About 40 Royal Palm Beach residents participated in a visioning workshop Thursday, April 11 to provide input on what they would like to see in the village’s future.
Council members and senior staff were on hand to visit different tables of participants during the process and listen to residents as they presented ideas that they thought would make a positive influence on the village.
Many members of the village’s advisory boards also participated in the workshop.
Village Manager Ray Liggins said the purpose of the workshop was to formulate a cohesive vision for the village, explaining that council members and some senior staff had already met in a workshop in November to formulate a strategic plan, which was facilitated by consultant Lyle Sumek, who also coordinated last week’s workshop.
“The goal is a common vision for Royal Palm Beach,” Liggins said. “The process includes community input. That’s what you are here for tonight. What we’re looking for is input moving forward. I believe we share the same vision, and together we will achieve that vision. We are here to get your input and hear from you.”
Sumek said that all ideas were to be written down on large pads provided at each table so he could take all the information and organize it.
“Everything that gets written down is part of the public record, so everything that you write down will be in my report,” he said. “My staff and I sum up as you have written them.”
Sumek said he would write an official summary to include the major themes. “Over the next few days, I will have these on my wall, and I will look through and see what the common themes are that run through the various groups,” he explained.
Group members were asked to listen to others’ comments, avoid making judgments, get all ideas recorded and put stars beside items that received a majority of votes from the respective tables. Elected officials were encouraged to listen with “big ears and small mouths.”
Round One asked participants to list what they considered major successes for the village and why they decided to live in Royal Palm Beach.
Round Two asked them to select three principles from the village’s vision statement — which is to be a premier residential community with a hometown feel and the choice for families, to be beautiful, safe, convenient and enjoyable — and then identify what they want to see in the village by 2028, and what assets are important to preserve over the next 15 years.
Round Three asked participants to prioritize the council’s goals for the village in 2018 that it had agreed on in its visioning workshop — which were to continue to be financially sound, for the village to be more livable from “curb appeal” to convenience, be responsive and provide community-based village services and facilities, and to provide an abundance of leisure choices. Residents were also asked to recommend actions that should be pursued in 2013 to attain these goals.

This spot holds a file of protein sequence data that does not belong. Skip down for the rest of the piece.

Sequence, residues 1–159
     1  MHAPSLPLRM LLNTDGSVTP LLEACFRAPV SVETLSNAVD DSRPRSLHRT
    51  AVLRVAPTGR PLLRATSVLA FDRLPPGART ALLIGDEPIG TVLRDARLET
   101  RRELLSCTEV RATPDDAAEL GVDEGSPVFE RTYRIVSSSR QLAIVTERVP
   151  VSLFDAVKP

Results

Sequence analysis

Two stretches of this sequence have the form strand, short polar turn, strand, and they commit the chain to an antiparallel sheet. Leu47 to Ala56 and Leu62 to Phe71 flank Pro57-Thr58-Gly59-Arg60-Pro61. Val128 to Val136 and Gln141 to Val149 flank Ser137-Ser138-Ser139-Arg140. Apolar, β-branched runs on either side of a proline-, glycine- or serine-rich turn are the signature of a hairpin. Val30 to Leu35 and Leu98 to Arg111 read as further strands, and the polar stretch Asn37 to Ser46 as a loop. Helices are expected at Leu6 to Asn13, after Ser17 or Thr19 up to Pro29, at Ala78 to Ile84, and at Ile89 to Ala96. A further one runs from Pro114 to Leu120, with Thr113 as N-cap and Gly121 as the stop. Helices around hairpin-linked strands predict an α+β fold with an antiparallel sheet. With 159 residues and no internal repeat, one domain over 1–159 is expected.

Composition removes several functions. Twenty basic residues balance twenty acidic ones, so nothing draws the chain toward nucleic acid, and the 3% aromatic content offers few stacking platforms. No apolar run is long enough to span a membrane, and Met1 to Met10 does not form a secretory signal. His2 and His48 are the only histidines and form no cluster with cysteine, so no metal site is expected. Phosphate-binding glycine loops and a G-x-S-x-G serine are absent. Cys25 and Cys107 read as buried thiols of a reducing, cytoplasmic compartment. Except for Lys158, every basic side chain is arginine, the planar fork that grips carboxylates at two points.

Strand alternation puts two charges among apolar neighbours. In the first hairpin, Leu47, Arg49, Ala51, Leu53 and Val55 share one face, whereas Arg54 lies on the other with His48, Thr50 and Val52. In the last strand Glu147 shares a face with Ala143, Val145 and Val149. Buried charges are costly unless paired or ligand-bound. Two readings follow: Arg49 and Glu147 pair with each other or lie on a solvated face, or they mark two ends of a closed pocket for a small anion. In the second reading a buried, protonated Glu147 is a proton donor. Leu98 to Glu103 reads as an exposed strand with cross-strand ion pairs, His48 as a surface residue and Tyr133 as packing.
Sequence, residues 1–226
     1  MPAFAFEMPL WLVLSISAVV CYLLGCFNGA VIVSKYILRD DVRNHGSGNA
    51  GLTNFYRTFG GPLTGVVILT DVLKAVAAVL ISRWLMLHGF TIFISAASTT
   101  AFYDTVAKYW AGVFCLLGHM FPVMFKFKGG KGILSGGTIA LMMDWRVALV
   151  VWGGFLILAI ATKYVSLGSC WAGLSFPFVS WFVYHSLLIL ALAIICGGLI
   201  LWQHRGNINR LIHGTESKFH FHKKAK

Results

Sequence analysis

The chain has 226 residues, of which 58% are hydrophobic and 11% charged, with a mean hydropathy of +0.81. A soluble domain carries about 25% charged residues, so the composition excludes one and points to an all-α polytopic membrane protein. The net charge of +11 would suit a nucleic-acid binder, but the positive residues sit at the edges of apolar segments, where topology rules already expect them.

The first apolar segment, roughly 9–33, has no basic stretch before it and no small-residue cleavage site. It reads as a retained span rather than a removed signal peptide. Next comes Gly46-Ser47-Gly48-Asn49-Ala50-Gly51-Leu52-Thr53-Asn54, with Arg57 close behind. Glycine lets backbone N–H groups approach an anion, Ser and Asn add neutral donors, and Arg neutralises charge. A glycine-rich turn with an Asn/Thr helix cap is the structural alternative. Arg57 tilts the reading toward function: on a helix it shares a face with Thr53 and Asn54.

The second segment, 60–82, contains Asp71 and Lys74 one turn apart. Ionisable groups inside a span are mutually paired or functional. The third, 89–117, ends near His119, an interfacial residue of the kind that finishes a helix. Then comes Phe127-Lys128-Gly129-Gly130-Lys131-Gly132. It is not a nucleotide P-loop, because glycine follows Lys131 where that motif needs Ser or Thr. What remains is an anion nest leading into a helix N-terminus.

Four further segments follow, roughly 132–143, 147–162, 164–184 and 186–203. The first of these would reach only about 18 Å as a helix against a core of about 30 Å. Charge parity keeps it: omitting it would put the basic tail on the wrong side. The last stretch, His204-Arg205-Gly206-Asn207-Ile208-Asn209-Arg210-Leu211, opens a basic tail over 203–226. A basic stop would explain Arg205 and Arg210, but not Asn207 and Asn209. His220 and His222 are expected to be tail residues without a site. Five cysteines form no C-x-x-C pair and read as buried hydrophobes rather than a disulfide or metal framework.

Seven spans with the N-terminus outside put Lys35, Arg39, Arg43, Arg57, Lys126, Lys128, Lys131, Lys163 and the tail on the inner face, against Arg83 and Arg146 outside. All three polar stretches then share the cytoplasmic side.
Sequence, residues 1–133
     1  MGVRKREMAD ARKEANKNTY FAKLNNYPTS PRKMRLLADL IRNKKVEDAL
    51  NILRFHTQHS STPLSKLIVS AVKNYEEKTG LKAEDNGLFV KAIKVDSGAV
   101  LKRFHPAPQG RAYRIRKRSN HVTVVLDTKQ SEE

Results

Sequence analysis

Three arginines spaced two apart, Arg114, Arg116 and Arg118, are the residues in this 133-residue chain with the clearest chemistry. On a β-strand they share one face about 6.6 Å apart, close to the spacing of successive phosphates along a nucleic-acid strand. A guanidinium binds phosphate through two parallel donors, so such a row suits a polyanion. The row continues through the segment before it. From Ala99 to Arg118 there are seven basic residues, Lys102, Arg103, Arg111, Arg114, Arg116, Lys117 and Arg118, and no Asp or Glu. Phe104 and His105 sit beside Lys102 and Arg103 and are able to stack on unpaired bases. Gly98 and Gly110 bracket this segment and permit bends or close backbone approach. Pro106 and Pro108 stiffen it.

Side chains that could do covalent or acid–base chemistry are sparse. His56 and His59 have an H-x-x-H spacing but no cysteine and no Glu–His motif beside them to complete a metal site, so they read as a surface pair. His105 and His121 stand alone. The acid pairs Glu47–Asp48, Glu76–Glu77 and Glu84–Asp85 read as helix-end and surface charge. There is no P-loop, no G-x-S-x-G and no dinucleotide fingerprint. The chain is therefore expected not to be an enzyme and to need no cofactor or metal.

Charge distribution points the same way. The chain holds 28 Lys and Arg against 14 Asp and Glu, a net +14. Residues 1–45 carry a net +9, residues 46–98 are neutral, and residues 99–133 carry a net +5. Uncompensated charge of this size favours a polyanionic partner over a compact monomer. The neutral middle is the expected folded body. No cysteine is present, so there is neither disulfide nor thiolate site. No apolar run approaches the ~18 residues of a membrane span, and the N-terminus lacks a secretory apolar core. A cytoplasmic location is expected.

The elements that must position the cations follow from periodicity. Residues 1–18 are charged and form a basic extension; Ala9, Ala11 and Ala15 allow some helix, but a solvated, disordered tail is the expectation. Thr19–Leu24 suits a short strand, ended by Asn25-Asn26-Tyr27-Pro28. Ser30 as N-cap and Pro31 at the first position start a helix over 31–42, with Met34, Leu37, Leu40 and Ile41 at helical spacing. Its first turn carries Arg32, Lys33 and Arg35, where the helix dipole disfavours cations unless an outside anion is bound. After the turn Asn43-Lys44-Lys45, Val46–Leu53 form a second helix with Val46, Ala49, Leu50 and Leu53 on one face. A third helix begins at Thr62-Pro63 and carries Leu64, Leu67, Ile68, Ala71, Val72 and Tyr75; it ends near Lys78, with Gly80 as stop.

Round Four asked what issues need to be addressed by the village over the next year, and what was the best way for village government to communicate with them, pointing out that e-mail, posting on the web site or enclosing newsletters in the utility bill might not be the most effective means. He said residents of one city he had consulted with had resoundingly recommended the bathroom wall of a popular local restaurant.
Sumek asked the group to vote on the comments when they were finished recording them.
“If you’ve listed 10 things, what are the four or five that you feel are most important?” he asked. “The council and mayor don’t get to vote. Their job is to listen and not interject.”
The last activity of the evening was for participants to write their own comments to the mayor and council.
“You can write whatever you want, and you don’t need to sign it,” Sumek said. “That will be typed up as part of the public record as well. If you feel something didn’t get emphasized enough, give us that feedback. Tonight is a night to have a little fun. Be relaxed, but also take the time to think about the village’s future.”
Sumek called attention to a strategic planning model that was included in handouts, especially to visioning over the next 15 years, and decisions that have been made, or not been made, in the past five years to get the village where participants feel it should go.
“A decision is a set of value-based concepts that define specifically what you want to see, and tonight we’re going to take you out to that destination and have you say what you want to see in 15 years,” he said.
He explained that two cities next door to each other that he had worked with — Boca Raton and Delray Beach — came up with distinctly different visions. “If you compare Atlantic Avenue to Mizner Park,” Sumek said, “they are two very different visions. They’re both right because they’re right for their communities.”
Results for the Royal Palm Beach workshop are expected back at the village by next Thursday, Liggins said.
ABOVE: Royal Palm Beach Planning Director Bradford O’Brien (center) listens as residents share their vision.